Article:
Superman walks down into the Batcave, so Batman can deliver a large chunk of exposition to him. Batman is testing a new piece of equipment that hides him from Superman's vision, and when Superman admits he can't find him Batman pops out right behind him. Batman goes on to explain that this new suit "automatically detects how it's being looked at from anywhere on the electromagnetic spectrum, and automatically adjust-- in essence it's a personal Superman proof cloaking device.
Great! How does that stop Superman from hearing you move? Or your heartbeat? Or your voice? Or smelling you? Or stop Superman from noticing a Batman shaped null spot when he uses his X-Ray vision? In the effort to make Batman look really cool, they have totally forgotten the basic abilities of the main character. Now, I could forgive you if you felt like this is nitpicking, but it strikes me as indicative of the basic problem-- this book is just lazy. It's lazy writing to have Superman farm out his investigative work to Batman, it makes him look dull and unimaginative. He's an investigative journalist for crying out loud! Let him think! Does Batman call up Wonder Woman every time he wants someone to punch Killer Croc's face?
The Burj Dubai scene is definitely an improvement over the space station rescue from Issue 1, in that, even though Snyder continues to use the device of explicitly showing Superman's inner monologue when he should be allowing the reader to focus on the epic action beat he's constructed, he at least uses this action beat to show how Superman's sense of time is different from ours. A slight improvement, and a great visual, but nothing truly groundbreaking or emotionally investing.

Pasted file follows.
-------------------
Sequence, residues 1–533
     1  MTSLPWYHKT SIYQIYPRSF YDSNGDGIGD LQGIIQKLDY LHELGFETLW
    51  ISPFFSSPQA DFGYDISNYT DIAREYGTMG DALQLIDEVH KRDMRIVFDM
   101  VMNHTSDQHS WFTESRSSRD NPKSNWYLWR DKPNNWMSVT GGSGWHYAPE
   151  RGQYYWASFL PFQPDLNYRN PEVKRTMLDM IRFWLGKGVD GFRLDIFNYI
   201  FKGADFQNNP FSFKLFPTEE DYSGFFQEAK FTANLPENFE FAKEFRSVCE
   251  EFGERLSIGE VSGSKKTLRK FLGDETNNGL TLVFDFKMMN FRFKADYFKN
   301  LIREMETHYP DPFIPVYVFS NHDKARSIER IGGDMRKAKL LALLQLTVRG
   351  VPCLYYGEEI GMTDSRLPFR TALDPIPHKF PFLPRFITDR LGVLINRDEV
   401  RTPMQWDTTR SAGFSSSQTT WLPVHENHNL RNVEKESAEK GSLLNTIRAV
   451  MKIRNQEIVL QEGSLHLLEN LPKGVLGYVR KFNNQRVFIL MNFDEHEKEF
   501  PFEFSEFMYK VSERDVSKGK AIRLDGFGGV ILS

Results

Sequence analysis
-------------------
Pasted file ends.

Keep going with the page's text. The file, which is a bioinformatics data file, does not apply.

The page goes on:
Ascension is being handled extremely poorly, which is shocking because they were created for this book one issue ago, so you would think that there'd be no way to create weird inconsistencies. You'd be wrong. In the first issue Ascension are rejected as suspects in the satellite sabotage, because it's "above their pay grade." Two days later, Batman matter of factly states that they've demonstrated the ability to weaponize any advanced technology in the world. No one brings up that this is odd.
The Luthor stuff is totally incomprehensible to me: He's wearing Matrix shades in prison, quoting the Iliad (in translation, ugh) into a camera and standing in front of a model of Metropolis. You can only tell it IS Luthor if you remembered that he was reading the Iliad last issue, because his look is way off model. Then in the final scene, w learn he's built his model out of Gundam parts and has it on remote control to "save the world." Nothing about those scenes makes any sense to me.
For a series that promised a return to the traditional Lois/Clark dynamic, they've sure done their level best to make Lois as visually and intellectually boring as possible.
The finale with Gen. Sam Lane is a collection of cliches that I consider personally insulting. Superman lets himself be drawn into an enemy position, that's shielded from his vision, listens to Gen. Lane butcher one of Aesop's fables, lets them unload a black hole powered artillery division, lets himself be attacked by it, and is saved by the Army Superman who actually declares (bless him) "He's mine!" The next issue promises a big ole fight. Joy.
Monday, July 8, 2013